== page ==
Humans are exposed to agents and conditions that cause stress to dopaminergic neurons. Neurons can survive stress by modulating the biosynthesis and degradation of proteins within the endoplasmic reticulum (ER). The goals of this study are to determine if cells from patients with Parkinson’s disease have a defect in the ER stress response and to identify FDA approved drugs that can protect cells from ER stress produced by agents associated with Parkinson’s disease.
We have developed a highly sensitive assay to monitor ER stress in cultured cells using a secretable luciferase. This assay will be used to quantitate ER stress sensitivity in skin fibroblasts from patients with hereditary Parkinson’s disease and controls cells using drugs which produce parkinsonian symptoms in pre-clinical models. Using a high-throughput assay we have developed we will screen an National Institute of Health library of 1040 FDA-approved drugs, which are known to cross the blood brain and to be non-toxic to cells, to find drugs which can reduce ER stress sensitivity to parkinsonian-related stresses. Candidate drugs will be tested for protection of cells from death caused by agents known to cause Parkinson’s disease in humans, including rotenone, MPP+ and high levels of alpha-synuclein.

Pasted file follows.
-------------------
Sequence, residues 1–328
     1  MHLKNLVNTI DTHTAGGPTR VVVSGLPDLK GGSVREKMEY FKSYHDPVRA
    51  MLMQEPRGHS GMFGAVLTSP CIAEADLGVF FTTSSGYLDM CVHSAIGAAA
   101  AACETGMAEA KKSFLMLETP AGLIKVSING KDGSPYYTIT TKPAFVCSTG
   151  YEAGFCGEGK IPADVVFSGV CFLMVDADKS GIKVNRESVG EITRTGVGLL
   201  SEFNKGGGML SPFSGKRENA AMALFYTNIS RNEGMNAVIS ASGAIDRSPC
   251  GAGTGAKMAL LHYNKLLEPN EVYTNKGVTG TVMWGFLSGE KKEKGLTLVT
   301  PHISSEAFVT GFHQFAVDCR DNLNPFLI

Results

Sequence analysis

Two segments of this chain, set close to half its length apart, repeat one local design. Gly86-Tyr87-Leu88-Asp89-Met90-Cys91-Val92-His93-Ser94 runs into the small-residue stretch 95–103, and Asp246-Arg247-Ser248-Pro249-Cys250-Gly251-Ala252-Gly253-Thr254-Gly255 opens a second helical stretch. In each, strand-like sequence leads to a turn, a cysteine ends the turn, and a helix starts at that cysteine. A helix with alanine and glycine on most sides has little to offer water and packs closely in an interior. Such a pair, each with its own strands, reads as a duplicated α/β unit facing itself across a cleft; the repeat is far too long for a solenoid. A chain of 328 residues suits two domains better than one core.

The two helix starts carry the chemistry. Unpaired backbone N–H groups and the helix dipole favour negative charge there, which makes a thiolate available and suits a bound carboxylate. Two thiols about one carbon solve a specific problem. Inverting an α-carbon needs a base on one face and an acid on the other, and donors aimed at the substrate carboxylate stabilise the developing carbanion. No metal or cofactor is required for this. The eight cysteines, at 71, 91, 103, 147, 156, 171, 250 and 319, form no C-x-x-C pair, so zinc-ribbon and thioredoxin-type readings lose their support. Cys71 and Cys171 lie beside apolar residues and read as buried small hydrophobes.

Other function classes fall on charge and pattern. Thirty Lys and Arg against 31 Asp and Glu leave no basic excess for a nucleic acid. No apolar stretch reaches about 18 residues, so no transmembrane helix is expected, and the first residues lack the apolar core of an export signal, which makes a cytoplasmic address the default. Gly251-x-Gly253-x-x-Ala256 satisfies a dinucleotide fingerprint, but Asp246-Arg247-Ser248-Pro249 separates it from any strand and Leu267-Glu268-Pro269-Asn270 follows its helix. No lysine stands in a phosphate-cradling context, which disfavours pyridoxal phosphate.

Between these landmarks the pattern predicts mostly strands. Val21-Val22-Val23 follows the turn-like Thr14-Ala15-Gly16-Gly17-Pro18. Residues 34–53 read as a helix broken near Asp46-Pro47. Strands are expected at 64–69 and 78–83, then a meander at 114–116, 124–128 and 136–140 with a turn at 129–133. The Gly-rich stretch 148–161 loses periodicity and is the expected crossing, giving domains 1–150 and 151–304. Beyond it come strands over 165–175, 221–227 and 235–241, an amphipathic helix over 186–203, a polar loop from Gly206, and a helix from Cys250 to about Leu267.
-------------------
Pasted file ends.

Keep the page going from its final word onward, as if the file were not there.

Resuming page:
Relevance to Diagnosis/Treatment of Parkinson’s Disease:
When ER stress becomes too great it induces death of cells. Our strategy is to find drugs which can dampen the ER stress response and thereby to help sustain cells and survive toxic insults. By screening drugs which are already FDA approved and known to enter the brain, if we find a protective one it can be evaluated in clinical trials almost directly in an off-label capacity.
In the course of these studies we will be able to establish whether some forms of Parkinson’s disease and parkinsonian-stress agents are associated with an increased ER stress sensitivity leading to cell death. We will also be able to identify a few drugs which can reduce ER stress and help cells survive agents known to cause Parkinson’s disease. These drugs could then be evaluated clinically to promote survival of dopaminergic neurons in Parkinson’s patients.
Using fibroblasts from LRRK2, PINK1 and Parkin patients, Dr. Breakefield's screen suggested that LRRK2 fibroblasts were more sensitive to ER stress. Variability between cell lines, however, makes the results difficult to interpret at this time.